Thomas argues that the Sacrament can be received both spiritually and actually.56 The idea that one can receive the Sacrament spiritually, however, lends neither support nor opposition to claims regarding the necessity for a) access — if one avails of it in substance or not — to the physical Sacrament and b) if the layman can be restricted to all access to the Holy Sacrifice of the Mass.

Thomas argues the following: “But because many persons are lacking in this devotion, on account of the many drawbacks both spiritual and corporal from which they suffer, it is not expedient for all to approach this sacrament every day; but they should do so as often as they find themselves properly disposed.”57

Thomas is arguing, then, that although individual men may not be disposed properly to physical reception, the properly disposed may receive physical Communion. To receive physical Communion requires, obviously, access to physical Communion.

Thomas Aquinas and the Mass

Thomas Aquinas provides some insight into the necessity of the Mass in the Third Part of his Summa Theologica. On the topic of the Eucharist, Thomas writes that: “Now since, owing to our daily defects, we stand in daily need of the fruits of our Lord’s Passion, this sacrament is offered regularly every day in the Church.”58

Thomas goes on to clarify that: “Christ’s Passion is recalled in this sacrament, inasmuch as its effect flows out to the faithful . . . [and] the faithful receive daily the fruits of His Passion…[for consecration] takes place every day, both that we may partake of its fruit and in order that we may have a perpetual memorial.”59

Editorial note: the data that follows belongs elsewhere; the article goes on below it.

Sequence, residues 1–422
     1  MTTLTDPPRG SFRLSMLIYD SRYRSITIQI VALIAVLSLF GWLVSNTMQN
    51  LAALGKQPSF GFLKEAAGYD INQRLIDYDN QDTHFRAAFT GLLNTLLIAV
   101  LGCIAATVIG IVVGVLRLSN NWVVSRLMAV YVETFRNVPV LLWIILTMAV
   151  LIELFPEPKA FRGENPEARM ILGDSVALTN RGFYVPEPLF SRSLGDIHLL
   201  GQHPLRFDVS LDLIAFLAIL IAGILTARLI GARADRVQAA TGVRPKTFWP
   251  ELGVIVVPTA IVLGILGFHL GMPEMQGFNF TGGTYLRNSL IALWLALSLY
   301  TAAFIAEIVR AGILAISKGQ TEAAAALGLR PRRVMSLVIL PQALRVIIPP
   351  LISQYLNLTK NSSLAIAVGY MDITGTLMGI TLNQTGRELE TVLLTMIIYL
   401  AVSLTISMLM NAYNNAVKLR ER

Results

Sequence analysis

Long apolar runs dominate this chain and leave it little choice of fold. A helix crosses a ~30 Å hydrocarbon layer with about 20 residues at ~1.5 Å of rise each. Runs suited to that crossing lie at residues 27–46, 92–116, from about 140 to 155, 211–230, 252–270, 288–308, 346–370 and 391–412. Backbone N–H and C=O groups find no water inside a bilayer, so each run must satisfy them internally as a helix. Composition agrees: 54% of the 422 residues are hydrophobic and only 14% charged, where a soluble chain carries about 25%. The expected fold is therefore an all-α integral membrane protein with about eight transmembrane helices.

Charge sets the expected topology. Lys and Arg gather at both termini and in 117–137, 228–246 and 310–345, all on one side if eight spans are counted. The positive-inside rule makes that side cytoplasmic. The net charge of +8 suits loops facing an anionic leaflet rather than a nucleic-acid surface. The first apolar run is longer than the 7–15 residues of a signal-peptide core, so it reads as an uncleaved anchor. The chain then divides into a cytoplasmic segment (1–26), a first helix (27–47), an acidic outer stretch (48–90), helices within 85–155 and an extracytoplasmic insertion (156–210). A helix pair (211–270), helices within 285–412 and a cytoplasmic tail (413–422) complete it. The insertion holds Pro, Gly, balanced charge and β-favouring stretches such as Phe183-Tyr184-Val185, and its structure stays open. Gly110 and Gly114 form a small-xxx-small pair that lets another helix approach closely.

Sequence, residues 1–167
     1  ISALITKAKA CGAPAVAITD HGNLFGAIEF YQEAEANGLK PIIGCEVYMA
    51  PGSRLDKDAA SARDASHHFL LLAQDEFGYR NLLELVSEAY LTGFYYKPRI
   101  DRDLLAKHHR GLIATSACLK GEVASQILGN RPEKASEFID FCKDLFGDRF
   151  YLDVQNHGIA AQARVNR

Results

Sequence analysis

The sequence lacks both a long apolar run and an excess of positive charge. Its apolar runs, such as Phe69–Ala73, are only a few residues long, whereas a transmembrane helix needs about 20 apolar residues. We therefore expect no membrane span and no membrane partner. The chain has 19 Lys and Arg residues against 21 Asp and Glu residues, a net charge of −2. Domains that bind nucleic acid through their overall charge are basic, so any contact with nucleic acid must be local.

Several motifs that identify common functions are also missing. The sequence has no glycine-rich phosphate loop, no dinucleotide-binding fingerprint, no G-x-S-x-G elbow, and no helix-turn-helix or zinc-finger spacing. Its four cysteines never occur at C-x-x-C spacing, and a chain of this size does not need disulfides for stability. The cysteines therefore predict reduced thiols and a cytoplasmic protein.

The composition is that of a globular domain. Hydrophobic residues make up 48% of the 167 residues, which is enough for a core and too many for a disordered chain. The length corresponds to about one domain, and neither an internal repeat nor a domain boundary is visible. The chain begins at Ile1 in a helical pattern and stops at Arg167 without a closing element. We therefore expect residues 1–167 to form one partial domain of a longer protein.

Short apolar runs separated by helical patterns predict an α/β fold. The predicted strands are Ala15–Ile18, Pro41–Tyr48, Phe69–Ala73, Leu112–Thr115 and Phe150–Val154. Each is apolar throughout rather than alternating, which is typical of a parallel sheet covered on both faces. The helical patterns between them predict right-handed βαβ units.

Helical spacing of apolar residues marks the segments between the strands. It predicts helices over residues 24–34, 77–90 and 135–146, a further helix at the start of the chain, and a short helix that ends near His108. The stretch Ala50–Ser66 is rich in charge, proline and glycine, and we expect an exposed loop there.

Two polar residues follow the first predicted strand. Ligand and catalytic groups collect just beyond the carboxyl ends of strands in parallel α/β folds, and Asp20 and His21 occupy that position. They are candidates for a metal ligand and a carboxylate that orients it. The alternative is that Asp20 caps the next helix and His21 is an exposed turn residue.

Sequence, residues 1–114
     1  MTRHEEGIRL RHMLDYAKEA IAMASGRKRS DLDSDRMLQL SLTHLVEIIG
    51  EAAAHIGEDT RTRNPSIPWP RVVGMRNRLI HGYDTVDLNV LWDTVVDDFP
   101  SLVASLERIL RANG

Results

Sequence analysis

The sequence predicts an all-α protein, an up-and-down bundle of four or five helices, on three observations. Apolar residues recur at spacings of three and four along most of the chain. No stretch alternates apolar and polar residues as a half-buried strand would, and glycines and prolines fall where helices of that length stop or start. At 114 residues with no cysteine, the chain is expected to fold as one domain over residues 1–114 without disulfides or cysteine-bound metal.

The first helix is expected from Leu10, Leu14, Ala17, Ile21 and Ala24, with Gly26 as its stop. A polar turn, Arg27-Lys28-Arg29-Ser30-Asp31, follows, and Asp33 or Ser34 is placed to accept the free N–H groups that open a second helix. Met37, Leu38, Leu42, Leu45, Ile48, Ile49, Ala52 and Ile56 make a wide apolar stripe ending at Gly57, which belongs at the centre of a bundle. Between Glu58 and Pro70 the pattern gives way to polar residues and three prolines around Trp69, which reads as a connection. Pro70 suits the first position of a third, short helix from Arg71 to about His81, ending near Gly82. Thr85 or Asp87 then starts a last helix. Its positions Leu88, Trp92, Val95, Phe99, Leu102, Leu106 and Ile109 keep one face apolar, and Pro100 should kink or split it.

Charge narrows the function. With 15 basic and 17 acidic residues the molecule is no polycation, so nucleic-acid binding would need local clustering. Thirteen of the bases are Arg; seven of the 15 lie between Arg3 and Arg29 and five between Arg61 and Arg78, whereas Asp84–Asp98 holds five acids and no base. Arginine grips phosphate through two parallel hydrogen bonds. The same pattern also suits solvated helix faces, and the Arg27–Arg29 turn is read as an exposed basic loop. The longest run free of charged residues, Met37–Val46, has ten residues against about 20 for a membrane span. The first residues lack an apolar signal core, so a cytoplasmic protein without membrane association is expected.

Thomas here states that “the faithful receive daily” and that they “partake” in this “perpetual memorial.” Indeed, one kneels below the altar and witnesses the priest above, standing in persona Christi, as he consecrates, the result of which is the real presence of God, to use Thomas’ words, “contained verily, and not in figure only.”60 The layman is present to witness the Mystery and to show reverence as Christ becomes present.

If all that the Church teaches in its library of works has consistently and constantly instructed the faithful that for salvation, they require the Church, the Mass, the Sacraments, and all else offered by the Church, how can actions that so obviously contradict this very first principle be just? In Nicomachean Ethics, Aristotle discusses the importance of always having a proper first principle. Following the proper first principle, one must make proper deductions. As Aristotle argues, if the first principle is wrong, then that which comes after will be wrong. If the first principle is right, but is then challenged successfully by that which comes after, then the first principle reveals itself to be weak.

The first principle taught from pulpits about the necessities of the Mass, the Sacraments, and of putting God and the cultivation of the soul first before the body, have been decimated considerably now in the minds of the faithful-many by actions taken by that very Church’s leaders. Church leaders will face great difficulties in the future convincing nominal Catholics that they must attend Mass unconditionally when they themselves canceled public Mass for months with little debate. Church leaders will have greater difficulty convincing the faithful-many that God must always come first when the Mass and the Sacraments were restricted on a whim.

Church leaders will, further, find it difficult to instruct the faithful-many on the great importance of that which sits in the Tabernacle when some dioceses locked all Church doors and access to the Tabernacle even for private adoration. It will be harder than ever to convince the faithful-many that all happiness is found in God, through His Church, which is found by way of proper cultivation of the soul, if the people were left to sit alone in isolation in a time of great need.

When the very most basic first principles are questioned, confusion results and leads to the questioning of all declared truths. The many also begin to lose trust in the legitimacy of proper moral teaching authority.

Light for the Senses, Taken Away